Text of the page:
No place like home

Emily Crowe


CNJ staff photo: Emily Crowe June Phillips shows off a Christmas quilt that she recently completed.

CNJ staff photo: Emily Crowe
June Phillips shows off a Christmas quilt that she recently completed.

After spending years traveling the world with her husband while he was in the Air Force, June Phillips said the two were passing through Clovis in 1973, stopped to visit some friends, and simply never left.

“It was a place to settle down until we decided where we wanted to go and settle down,” she said. “We liked it, I guess, and stayed here.”

Phillips grew up in West Virginia, but has been a part of the Clovis community for 40 years. Her husband died in 1996, and Phillips, 79, keeps herself busy by quilting and visiting with friends.

She is a member of the Clovis Quilters and the Curry County Extension, and is also a mother, grandmother and great-grandmother.

How has Clovis changed since you first came here?

It’s grown. It’s different than it was when we first came here. It was quieter, there wasn’t as much crime.

Where else did the Air Force take you and your husband?

We lived in Georgia, Africa, Germany, Michigan, New Hampshire, Virigina … we lived everywhere.

Tell us about your involvement in quilting.

We make quilts and we donate them to the Hartley House. Right now we’re making crib sheets to donate to the Hartley House. We’ve made afghans or little throws to donate to the nursing homes to go over the laps of people in wheelchairs. For about four years, I made Christmas stockings for one of the children’s homes in Portales. I did that on my own. I just make a lot of quilts. This is how I keep my sanity.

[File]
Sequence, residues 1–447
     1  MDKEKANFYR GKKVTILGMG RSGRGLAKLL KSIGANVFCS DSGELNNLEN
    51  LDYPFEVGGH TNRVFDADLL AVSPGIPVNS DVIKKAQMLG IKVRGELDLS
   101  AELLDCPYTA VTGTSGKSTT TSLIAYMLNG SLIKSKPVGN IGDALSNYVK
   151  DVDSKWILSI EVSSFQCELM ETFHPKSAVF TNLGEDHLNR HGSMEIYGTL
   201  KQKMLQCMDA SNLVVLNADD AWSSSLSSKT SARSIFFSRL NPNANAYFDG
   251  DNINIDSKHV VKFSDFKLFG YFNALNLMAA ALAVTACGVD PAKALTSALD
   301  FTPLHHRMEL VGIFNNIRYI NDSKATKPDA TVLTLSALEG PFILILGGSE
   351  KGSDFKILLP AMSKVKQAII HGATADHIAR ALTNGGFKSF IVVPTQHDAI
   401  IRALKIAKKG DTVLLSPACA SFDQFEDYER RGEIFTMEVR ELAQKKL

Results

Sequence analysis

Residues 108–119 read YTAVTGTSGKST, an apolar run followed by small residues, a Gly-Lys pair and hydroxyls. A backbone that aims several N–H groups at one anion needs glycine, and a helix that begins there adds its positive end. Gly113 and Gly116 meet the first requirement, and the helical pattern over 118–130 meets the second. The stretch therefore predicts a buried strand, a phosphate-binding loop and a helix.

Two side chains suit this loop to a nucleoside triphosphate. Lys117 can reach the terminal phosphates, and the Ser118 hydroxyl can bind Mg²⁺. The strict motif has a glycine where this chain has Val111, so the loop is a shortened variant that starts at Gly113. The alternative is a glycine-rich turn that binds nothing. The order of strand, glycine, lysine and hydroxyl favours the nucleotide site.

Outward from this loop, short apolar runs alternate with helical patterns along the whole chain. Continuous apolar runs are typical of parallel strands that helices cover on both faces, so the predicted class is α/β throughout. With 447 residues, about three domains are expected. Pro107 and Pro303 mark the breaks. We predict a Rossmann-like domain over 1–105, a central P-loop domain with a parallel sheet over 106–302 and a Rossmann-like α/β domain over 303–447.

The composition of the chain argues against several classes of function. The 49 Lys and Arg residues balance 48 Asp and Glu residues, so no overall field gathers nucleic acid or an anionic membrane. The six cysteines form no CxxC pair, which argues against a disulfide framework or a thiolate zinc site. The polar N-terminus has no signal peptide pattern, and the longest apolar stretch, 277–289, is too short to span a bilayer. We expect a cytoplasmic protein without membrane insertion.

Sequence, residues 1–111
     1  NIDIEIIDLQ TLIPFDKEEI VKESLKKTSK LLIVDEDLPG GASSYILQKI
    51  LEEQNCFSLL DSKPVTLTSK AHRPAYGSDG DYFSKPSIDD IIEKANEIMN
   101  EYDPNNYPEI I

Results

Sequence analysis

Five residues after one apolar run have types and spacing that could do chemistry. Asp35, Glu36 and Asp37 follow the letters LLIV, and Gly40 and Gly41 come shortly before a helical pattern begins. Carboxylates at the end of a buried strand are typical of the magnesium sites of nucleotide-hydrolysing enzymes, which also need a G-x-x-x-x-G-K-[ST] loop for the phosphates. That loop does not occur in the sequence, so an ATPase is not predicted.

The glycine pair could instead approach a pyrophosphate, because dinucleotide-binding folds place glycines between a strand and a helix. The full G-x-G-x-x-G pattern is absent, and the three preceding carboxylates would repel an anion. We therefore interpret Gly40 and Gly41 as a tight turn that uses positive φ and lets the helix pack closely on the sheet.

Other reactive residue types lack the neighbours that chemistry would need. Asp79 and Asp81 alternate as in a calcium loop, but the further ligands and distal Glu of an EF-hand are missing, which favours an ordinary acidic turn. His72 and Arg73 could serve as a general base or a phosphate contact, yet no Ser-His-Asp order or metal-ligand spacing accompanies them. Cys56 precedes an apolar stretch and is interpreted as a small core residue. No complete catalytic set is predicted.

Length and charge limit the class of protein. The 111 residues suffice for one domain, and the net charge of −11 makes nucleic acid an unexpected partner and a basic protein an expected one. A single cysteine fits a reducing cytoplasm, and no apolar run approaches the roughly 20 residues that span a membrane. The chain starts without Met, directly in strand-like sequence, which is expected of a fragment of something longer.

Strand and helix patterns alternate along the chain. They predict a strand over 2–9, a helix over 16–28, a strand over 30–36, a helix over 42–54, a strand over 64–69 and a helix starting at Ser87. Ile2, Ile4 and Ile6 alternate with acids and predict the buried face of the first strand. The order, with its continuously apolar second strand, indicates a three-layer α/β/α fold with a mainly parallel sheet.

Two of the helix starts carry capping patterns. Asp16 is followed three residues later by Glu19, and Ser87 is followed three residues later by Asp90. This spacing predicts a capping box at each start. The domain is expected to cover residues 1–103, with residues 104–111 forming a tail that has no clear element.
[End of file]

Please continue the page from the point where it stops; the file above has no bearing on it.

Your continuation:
How long have you been quilting?

I’ve been sewing since I was 20, but quilting and being in a group, probably about 10 years. I used to make clothes for my kids.

What other organizations are you a part of?

I belong to the Curry County Extension. We used to make little bears and we gave them to the hospital, the ambulances and the police department to give to children that had a crisis in their life.

Who is your greatest inspiration?

My husband was my greatest inspiration. He sewed, he crocheted, he tatted, he embroidered. He did all that. We did it together. He did woodwork and built furniture.

What are your other hobbies?

I used to paint. I took oil painting lessons in Germany, but I haven’t painted in a while. I like to do water colors.

What is your idea of the perfect meal?

Schnitzel, salad and French fries.

What is your idea of the perfect vacation?

You know, at this time in my life, I’ve been everywhere. I have no desire to go anywhere else. We lived in Saudi Arabia, my husband and I, and we were in Greece, Cairo, we were all over the place. Just to be at home with my kids would be the perfect vacation, I guess.

If you could have dinner with anyone living, dead or fictional, who would it be?

John F. Kennedy. I just thought he was a wonderful president.

Tell us about your first date with your husband.

Well, (it’s) not the first date, but I met him on a Greyhound bus right before Christmas. I lived in Tennessee and I was going home to West Virginia for Christmas. He was stationed in Savannah, Georgia, he was going home for Christmas. I had to sit with him and we struck up a conversation. And we only saw each other twice and then we got married. Met him in December and married him in July. Then we were married 43 years when he passed away.

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